Webscraping with Python
Mechanize – Writing Bots in Python Made Simple by Guy Rutenberg. I’ve been using python to write various bots and crawler for a long time.
Few days ago I needed to write some simple bot to remove some 400+ spam pages in Sikumuna, I took an old script of mine (from 2006) in order to modify it. The script used ClientForm, a python module that allows you to easily parse and fill html forms using python. I quickly found that ClientForm is now deprecated in favor of mechanize. In the beginning I was partly set back by the change, as ClientForm was pretty easy to use, and mechanize‘s documentation could use some improvement.
However, I quickly changed my mind about mechanize. Mechanize — Documentation. Full API documentation is in the docstrings and the documentation of urllib2.
The documentation in these web pages is in need of reorganisation at the moment, after the merge of ClientCookie and ClientForm into mechanize. Tests and examples Examples The front page has some introductory examples. Mechanize. Stateful programmatic web browsing in Python, after Andy Lester’s Perl module WWW::Mechanize.
The examples below are written for a website that does not exist (example.com), so cannot be run. There are also some working examples that you can run. import reimport mechanize. Julian_Todd / Python mechanize cheat sheet. Scrape.py. Scrape.py is a Python module for scraping content from webpages.
Using it, you can easily fetch pages, follow links, and submit forms. Cookies, redirections, and SSL are handled automatically. (For SSL, you either need a version of Python with the socket.ssl function, or the curl command-line utility.) scrape.py does not parse the page into a complete parse tree, so it can handle pages with sloppy syntax. You are free to locate content in the page according to nearby text, tags, or even comments. Setting up Aptana Studio 3 for Django. I am describing how to set up Aptana Studio 3 with Django.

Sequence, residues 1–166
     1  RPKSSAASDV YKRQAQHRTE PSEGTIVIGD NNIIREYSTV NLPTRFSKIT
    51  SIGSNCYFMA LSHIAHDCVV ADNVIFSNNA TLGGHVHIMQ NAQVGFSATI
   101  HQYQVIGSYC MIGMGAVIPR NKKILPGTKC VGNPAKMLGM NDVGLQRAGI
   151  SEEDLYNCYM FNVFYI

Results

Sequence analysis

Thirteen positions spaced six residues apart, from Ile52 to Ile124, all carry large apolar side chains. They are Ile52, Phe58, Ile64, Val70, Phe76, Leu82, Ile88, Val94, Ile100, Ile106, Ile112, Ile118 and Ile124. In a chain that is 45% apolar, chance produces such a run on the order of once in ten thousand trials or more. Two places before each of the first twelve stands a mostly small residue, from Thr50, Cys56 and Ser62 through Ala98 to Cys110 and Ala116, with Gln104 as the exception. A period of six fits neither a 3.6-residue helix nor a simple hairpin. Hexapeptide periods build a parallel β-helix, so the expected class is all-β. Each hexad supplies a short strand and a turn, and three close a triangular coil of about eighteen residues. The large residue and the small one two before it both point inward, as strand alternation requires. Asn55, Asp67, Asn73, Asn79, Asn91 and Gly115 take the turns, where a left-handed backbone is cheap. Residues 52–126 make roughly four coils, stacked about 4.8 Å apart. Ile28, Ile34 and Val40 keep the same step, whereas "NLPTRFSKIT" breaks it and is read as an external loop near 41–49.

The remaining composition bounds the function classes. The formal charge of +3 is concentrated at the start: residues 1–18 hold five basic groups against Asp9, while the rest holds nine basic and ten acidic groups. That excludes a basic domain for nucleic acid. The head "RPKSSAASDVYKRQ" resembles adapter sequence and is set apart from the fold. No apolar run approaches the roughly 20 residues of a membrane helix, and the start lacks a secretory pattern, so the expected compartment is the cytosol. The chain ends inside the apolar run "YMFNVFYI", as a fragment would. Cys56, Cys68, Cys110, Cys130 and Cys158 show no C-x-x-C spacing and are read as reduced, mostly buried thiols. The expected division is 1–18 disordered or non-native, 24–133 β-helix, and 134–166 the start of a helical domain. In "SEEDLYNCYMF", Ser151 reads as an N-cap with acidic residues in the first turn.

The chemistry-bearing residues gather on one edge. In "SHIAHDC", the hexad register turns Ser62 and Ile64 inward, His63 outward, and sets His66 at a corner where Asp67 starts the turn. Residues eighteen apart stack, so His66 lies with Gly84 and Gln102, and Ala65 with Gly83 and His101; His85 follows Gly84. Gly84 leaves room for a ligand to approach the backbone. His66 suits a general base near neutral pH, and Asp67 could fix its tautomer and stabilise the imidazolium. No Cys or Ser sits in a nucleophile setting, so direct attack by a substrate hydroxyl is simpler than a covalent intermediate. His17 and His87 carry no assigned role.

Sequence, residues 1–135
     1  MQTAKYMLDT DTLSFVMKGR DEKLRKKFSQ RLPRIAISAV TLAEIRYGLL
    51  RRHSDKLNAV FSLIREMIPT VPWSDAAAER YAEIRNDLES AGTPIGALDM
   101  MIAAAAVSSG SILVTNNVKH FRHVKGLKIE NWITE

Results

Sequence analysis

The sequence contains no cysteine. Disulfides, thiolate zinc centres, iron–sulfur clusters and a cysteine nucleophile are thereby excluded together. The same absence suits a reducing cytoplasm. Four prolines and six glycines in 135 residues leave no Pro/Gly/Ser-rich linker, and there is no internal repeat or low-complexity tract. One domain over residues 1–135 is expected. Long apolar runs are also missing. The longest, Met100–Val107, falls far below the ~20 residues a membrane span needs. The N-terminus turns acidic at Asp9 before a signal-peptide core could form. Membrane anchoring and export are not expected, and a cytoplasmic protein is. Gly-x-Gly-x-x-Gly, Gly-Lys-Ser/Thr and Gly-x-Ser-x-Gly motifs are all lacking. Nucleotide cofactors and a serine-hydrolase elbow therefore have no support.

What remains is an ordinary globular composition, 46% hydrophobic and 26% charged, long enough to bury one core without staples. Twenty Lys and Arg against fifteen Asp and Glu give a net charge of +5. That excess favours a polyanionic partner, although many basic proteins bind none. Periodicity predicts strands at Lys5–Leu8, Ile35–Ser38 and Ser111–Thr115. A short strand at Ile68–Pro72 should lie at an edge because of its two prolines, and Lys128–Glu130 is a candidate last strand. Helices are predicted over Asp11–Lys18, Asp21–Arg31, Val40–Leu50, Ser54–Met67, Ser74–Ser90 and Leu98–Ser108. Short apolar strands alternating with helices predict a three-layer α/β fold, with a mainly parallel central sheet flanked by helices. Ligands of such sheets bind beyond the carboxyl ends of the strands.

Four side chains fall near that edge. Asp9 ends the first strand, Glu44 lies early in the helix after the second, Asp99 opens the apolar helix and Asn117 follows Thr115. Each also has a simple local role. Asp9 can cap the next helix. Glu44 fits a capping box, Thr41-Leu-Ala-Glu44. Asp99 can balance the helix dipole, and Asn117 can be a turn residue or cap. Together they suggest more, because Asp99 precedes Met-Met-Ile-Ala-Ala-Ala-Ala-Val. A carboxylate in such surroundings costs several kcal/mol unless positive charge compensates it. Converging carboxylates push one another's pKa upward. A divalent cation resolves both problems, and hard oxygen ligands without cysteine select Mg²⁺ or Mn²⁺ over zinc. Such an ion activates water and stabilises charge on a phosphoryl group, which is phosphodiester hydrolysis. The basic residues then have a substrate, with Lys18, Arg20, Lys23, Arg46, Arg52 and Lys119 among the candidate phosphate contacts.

Our first few lessons focused on how you can use Python to goof with a bunch of local files. This time we're going to try something different: using Python to go online and screw around with the Web. Whenever I caucus with aspiring NICARians and other data hungry reporters, it's not long before the topic of web scraping comes up. Python 2.7 Pt 1 [Getting started] Python 2.7 Pt 2 [Tuple/List] Python 2.7 Pt 3 [Dictionary / String Manip] Python 2.7 Pt 4 [Conditional Expressions] Python 2.7 Pt 5 [Looping] BeginnersGuide/NonProgrammers. Scrapy | An open source web scraping framework for Python.
Tutorial — Scrapy 0.15.1 documentation. In this tutorial, we’ll assume that Scrapy is already installed on your system.
If that’s not the case, see Installation guide. We are going to use Open directory project (dmoz) as our example domain to scrape. This tutorial will walk you through these tasks: Beautiful Soup Documentation — Beautiful Soup v4.0.0 documentation. Beautiful Soup is a Python library for pulling data out of HTML and XML files.
It works with your favorite parser to provide idiomatic ways of navigating, searching, and modifying the parse tree. It commonly saves programmers hours or days of work. These instructions illustrate all major features of Beautiful Soup 4, with examples. I show you what the library is good for, how it works, how to use it, how to make it do what you want, and what to do when it violates your expectations. The examples in this documentation should work the same way in Python 2.7 and Python 3.2. Setting up Python in Windows 7 | Anthony DeBarros. An all-wise journalist once told me that “everything is easier in Linux,” and after working with it for a few years I’d have to agree — especially when it comes to software setup for data journalism.
But … Many newsroom types spend the day in Windows without the option of Ubuntu or another Linux OS. I’ve been planning some training around Python soon, so I compiled this quick setup guide as a reference. I hope you find it helpful. Set up Python on Windows 7. Scraping CDC flu data with Python | Anthony DeBarros. Getting my flu shot this week reminded me about weekly surveillance data the Centers for Disease Control and Prevention provides on flu prevalence across the nation.
I’d been planning to do some Python training for my team at work, so it seemed like a natural to write a quick Python scraper that grabs the main table on the site and turns it into a delimited text file. So I did, and I’m sharing.